Fr. Aidan Troy: “Yes, you could argue this all day and all night but I couldn’t disagree with that as a summary…”
Rev. Hamilton: Re issue of political representatives: “… It is a cliché that you get the political representatives you deserve, and I am nervous, I have to say, about putting all the responsibility onto political representatives. It does seem to me that, and we’ve already touched on this, that we do need to work together. I think it was Martin who used the phrase – a partnership between politicians, community leaders and church people. Those of us who do have some capacity to lead are charged under God with leading. And certainly it’s part of my daily routine, I have to say, to beaver away at this one. Only yesterday I was up in Stormont making this very point…”
Cllr. Martin Morgan: Re grievances: “The area I grew up in had until very recently 76% unemployed – just one statistic. It is a Nationalist/Republican area. I think the difficulty, when you were talking about the Unionist grievances, is that they haven’t really been aired before. So it’s not a case of competing.. It’s very easy for me to say “yes you may have your problems but I have mine”. That’s what I was trying to say, there’s a commonality there. Unemployment is high in Loyalist and Republican areas, educational attainment is low in both areas. I think that’s how we have to move it forward. It’s not trying to camouflage For the first time ever people are beginning to say “this is a problem in my area”.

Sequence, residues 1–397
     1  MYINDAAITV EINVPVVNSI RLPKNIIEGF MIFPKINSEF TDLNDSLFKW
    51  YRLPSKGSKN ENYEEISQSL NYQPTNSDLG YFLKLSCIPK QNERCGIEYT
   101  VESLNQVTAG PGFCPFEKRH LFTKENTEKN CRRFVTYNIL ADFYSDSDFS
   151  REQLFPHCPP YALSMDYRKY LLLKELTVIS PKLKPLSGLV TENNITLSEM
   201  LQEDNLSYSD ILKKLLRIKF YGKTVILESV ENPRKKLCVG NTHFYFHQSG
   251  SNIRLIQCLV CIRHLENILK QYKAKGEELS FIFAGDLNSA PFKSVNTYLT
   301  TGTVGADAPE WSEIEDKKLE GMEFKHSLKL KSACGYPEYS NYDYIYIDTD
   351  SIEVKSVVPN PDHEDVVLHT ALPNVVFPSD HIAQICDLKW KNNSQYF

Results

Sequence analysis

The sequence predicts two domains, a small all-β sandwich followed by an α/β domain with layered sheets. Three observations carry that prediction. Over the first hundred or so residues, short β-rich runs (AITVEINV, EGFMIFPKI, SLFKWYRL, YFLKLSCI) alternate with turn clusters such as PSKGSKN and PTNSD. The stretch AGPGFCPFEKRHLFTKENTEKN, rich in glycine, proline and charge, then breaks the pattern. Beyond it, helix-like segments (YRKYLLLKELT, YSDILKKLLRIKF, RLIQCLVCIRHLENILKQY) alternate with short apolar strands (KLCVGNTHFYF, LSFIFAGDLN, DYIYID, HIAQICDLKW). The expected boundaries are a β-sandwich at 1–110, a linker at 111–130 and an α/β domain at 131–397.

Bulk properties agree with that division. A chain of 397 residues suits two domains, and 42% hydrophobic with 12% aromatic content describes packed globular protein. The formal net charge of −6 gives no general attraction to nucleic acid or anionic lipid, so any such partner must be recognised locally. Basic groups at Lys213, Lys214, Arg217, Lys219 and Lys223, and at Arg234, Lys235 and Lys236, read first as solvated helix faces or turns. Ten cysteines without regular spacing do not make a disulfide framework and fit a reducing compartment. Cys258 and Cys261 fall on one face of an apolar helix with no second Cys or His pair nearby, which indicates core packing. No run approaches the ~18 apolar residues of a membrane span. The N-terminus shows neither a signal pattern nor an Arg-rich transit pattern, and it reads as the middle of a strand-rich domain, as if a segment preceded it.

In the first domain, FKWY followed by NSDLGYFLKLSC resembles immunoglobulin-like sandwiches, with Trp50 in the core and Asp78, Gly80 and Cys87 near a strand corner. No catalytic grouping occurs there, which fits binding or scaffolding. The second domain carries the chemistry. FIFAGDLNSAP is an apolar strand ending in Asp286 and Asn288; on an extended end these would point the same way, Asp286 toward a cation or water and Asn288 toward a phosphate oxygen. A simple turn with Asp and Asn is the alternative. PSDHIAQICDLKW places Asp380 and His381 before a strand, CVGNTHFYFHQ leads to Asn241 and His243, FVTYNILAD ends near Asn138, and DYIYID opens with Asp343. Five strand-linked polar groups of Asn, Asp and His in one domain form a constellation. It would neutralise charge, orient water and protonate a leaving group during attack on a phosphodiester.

Talking to each other: “In terms of the talking, what I left out when I was going to speak first of all – “why have we not had genuine trust-building and reconciliation?” … Firstly, the two sections of our divided community have suffered greatly. It may be a necessary starting point that Catholics and Protestants acknowledge the hurt caused to each other by each other, and this is a possible first step towards healing. It’s nearly along the lines of what Fr. Troy was saying about the Truth and Reconciliation Commission in South Africa… But we have never done that …. I’m there as an SDLP councillor, maybe some day I will be up in the big white building as well, but it is very easy for me to ask somebody to engage with me. I’ve never had an army behind me, I’ve never had paramilitaries behind me. But if you look at the backgrounds of those two politicians you mentioned, I think until you can get into that process, and don’t forget the propaganda on the streets of Belfast and further afield has been a game. Parades are another issue. “Oh we’ll let that parade come down when they talk to us”. It is very easy to say that when you know fine rightly that they are never going to talk to you. It’s easy to call for talking – I’m not saying they are not genuine about it, but we’re putting the cart maybe before the horse, we’re not creating the conditions to make the likes of Gerry Kelly and Nigel Dodds talk to each other. The thing about lip-service, I agree with that man down there.. It is easy for certain people, I’m sitting here as a political representative, but, yes… people have to be brought up off their knees. And that’s where the people are in North Belfast and further afield. ..One of the things that is very lacking is that there is no proper movement to recognise the aspirations of those communities – or community – there is no proper acknowledgment about how to empower those people.”